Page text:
Quantcast

Thursday, July 12, 2018

Two Books on Gaslighting, Memory, and Claiming Your Experiences


I heard the term "gaslighting" a couple years ago, and was completely unfamiliar with it, so doing what I usually do when confronted with an unfamiliar term, I looked it up. But no matter how many definitions I read, I still didn't quite understand what the term meant. Here's the definition as offered by Wikipedia: "Gaslighting is a form of psychological manipulation that seeks to sow seeds of doubt in a targeted individual or in members of a targeted group, making them question their own memory, perception, and sanity. Using persistent denial, misdirection, contradiction, and lying, it attempts to destabilize the victim and delegitimize the victim's belief."

Apparently I've lived a sheltered life surrounded only by loving and reasonable people, because I had a super hard time even conceptualizing what this would look like in practice. Psychological manipulation? Making someone doubt their own sanity? Who would do that, and how, and why?

Well, in the past few months I've read two books that have given nearly textbook examples of what gaslighting looks like--one fiction, the other nonfiction-- and these books have stuck with me and won't let me stop thinking about them, so I guess I need to write some thoughts out here to try to work through this.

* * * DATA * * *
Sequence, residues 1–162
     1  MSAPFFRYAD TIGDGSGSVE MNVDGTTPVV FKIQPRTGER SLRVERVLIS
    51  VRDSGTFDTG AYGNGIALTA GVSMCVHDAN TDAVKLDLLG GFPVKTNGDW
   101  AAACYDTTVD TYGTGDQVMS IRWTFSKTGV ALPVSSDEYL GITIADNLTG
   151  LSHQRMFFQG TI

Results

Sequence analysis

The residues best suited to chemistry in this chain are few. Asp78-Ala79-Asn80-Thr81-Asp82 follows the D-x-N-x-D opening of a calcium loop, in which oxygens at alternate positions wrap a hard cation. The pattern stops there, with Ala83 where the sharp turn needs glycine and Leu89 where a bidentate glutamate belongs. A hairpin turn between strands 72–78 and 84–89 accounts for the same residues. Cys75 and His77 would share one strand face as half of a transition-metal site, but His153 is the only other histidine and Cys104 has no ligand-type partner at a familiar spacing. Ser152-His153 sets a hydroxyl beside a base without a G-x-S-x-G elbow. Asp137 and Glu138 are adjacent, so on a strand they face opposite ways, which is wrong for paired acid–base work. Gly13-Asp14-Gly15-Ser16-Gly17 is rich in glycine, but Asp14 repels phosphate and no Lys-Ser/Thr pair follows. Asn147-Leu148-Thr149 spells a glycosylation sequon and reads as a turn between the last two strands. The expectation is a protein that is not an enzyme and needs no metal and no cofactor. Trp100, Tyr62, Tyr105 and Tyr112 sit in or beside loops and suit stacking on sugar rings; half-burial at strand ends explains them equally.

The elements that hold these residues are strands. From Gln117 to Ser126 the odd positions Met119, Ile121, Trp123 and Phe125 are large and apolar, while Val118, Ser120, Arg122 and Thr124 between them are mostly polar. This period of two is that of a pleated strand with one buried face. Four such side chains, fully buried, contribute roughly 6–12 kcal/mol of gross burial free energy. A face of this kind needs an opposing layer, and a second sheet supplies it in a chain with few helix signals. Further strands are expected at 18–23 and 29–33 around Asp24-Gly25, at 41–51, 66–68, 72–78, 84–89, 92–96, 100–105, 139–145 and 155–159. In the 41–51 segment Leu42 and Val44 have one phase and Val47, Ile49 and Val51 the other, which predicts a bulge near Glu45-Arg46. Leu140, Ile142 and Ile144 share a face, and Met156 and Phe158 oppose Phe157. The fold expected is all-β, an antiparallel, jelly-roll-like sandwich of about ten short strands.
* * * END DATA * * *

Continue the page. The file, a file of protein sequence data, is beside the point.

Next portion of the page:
The first book was Educated by Tara Westover (brief review here). If you've read this book, then you probably can immediately see how this is an example of gaslighting. I don't believe Tara ever uses the term exactly, but she definitely talks about specific memories that her family members have tried to convince her didn't happen the way she remembers them, and feelings of insanity because of their tactics to deligitimize her beliefs.

Now, the tricky thing about this example is that we only get one side of the story, and there really are all sorts of questions about how reliable she is as a narrator. Did these things really happen the way Tara remembers them, or the way her family tells her they happened? Everyone's memory is a little bit unreliable, and each member of the family remembers things differently. She even says that her memory is different than the way she recorded things in her diary, so does that mean she really is mis-remembering, or that she was in denial at the time of the incident?

These are really, really tricky questions to answer. They may even be impossible to answer.

The second book was fiction, The Truth According to Us by Annie Barrows (brief review here). I'm not sure if this book would've stayed with me as much if I hadn't read it so closely following Educated, and could see the same pattern of gaslighting abuse going on. Now, because this one is a fictional novel and not messy real-life, the gaslighting is a little bit more cut-and-dry, with the perpetrator eventually confessing that he'd been lying, and the affected character being able to reclaim her memories as legitimate (sorry, that might be a bit of a spoiler...).